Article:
Rant and You Shall Receive


In Everyday Use flickr photo by CarbonNYC [in SF!] shared under a Creative Commons (BY) license

While I don’t condone rants as a way of getting your way, I do support speaking your mind and not being afraid of the backlash. So I went on a rant earlier this week. And there was no backlash. Just support, ideas, innovation, more questions, communication, new connections.

For weeks I struggled keeping my Twitter chat head above water, trying to manage #ARVRinEDU and #IMMOOC feeds in Tweetdeck. The former was a bit easier, because of the number of people participating and Tweeting. The latter? Not so much. With over 3,000 Tweets in an hour, I found it impossible to stay afloat. I was drowning in information and couldn’t listen to the innovative buzz that is #IMMOOC. I could respond to the questions. But that just became speaking. Where was the listening and, consequently, the learning?

So I wrote “Connected Yet Not Connecting”, posted it on this blog, Twitter, and on The Innovator’s Mindset Facebook group. I didn’t know what to expect. I didn’t know what my PLN would think. How they would feel. What I received from them was inspirational, helpful, and transformational.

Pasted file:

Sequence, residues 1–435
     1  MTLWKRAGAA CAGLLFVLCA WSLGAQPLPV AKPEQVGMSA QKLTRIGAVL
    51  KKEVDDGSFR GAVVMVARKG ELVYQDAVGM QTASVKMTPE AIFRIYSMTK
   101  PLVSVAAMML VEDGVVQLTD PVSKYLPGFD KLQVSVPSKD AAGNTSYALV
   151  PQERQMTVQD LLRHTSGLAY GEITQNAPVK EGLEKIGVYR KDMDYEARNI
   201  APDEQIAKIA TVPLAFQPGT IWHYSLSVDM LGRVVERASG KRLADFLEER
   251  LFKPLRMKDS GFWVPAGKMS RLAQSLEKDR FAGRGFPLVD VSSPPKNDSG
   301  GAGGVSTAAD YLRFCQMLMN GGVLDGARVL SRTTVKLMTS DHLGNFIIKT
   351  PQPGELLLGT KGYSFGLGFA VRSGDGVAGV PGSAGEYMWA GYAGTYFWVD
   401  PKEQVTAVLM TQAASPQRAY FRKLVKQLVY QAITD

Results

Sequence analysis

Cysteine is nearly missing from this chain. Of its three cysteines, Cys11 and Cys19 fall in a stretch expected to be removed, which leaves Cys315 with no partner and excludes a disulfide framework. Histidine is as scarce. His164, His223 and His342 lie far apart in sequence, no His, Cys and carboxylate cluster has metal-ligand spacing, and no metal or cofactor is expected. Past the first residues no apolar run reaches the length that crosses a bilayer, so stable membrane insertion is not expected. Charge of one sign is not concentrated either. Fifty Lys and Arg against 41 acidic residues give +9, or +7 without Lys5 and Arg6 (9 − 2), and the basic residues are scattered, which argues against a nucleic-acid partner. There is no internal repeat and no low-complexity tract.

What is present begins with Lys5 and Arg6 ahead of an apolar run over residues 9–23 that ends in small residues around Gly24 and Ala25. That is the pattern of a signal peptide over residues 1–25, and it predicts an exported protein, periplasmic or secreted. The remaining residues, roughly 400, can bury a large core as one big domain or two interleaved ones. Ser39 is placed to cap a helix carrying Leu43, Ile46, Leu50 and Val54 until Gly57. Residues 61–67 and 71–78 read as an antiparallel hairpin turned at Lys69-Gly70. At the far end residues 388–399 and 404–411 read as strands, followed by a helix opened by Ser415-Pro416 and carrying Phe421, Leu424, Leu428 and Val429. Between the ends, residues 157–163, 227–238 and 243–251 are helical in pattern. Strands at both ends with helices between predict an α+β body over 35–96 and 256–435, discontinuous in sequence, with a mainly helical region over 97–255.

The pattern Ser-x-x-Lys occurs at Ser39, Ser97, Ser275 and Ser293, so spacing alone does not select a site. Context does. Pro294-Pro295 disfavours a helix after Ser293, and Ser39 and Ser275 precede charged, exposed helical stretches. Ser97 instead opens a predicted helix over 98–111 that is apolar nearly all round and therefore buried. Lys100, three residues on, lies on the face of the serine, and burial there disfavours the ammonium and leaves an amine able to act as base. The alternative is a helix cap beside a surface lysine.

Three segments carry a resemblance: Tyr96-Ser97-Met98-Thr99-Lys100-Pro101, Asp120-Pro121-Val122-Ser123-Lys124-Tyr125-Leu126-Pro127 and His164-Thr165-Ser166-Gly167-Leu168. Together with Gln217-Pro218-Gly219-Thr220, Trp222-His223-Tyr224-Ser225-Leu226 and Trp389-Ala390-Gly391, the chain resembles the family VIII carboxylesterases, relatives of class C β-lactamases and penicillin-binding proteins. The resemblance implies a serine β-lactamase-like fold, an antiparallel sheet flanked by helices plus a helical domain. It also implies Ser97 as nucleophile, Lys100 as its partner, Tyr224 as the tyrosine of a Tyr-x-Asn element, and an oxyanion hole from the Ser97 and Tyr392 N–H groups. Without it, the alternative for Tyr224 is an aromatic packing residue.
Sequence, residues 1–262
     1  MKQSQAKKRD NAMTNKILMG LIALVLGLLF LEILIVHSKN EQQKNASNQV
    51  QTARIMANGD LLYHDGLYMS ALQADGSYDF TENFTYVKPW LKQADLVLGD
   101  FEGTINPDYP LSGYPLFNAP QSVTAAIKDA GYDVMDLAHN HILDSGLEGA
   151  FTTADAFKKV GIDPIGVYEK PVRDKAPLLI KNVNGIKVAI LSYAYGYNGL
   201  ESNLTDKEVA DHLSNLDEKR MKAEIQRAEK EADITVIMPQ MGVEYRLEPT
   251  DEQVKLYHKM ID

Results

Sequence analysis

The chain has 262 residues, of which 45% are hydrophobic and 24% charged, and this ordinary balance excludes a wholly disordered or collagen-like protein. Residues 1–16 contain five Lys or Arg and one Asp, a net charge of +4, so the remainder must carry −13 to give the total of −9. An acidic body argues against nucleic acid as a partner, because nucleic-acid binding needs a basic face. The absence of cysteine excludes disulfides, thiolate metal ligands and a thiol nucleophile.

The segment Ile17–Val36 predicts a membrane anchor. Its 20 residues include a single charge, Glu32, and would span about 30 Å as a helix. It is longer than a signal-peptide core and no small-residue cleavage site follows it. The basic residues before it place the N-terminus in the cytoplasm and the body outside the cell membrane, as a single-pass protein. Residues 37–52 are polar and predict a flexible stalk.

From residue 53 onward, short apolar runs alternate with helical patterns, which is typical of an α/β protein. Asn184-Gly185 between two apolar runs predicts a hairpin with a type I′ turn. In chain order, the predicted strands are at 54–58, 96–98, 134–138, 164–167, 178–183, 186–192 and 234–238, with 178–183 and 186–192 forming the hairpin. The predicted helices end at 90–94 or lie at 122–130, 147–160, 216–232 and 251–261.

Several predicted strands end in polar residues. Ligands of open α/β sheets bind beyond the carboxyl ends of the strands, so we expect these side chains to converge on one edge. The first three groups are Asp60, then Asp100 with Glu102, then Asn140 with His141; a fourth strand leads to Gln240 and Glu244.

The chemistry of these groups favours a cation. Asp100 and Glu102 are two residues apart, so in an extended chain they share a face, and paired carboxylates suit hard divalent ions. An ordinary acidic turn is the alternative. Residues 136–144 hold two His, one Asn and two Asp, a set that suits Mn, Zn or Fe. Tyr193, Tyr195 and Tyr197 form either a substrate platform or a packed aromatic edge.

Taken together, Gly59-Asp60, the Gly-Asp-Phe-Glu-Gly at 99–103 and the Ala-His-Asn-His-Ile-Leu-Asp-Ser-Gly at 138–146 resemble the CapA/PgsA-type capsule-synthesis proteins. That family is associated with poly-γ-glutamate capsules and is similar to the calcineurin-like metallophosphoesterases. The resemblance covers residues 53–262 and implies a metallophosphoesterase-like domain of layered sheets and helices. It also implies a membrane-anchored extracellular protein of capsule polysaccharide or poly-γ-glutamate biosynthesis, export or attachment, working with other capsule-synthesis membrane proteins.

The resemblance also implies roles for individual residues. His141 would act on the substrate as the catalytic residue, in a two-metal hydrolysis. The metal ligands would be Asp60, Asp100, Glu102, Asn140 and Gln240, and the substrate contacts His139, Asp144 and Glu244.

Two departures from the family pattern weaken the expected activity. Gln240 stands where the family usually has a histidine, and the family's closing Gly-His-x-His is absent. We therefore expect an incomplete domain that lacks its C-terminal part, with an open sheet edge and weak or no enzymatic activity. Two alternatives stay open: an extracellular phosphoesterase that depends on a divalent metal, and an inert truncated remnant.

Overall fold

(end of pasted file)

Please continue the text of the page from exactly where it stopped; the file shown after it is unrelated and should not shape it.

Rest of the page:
Inspirational and Helpful

annick response

judy response

Transformational

George response

And then this…

Tara was so right. If I filtered my Tweetdeck with Q1, Q2, etc. I wouldn’t have been able to listen to people’s A1, A2 (assuming people used this Twitter chat convention). And it wasn’t just transformational to me. Others found value in this suggestion.

Being connected educators has obvious advantages. But it also has challenges. Too much information exchange in too little time causes me anxiety. But thanks to George and Tara, I’m able to filter and process this information much easier. I became a better listener in the last #IMMOOC Twitter chat. This tip will certainly help me in the future. And I’m glad it helped others.

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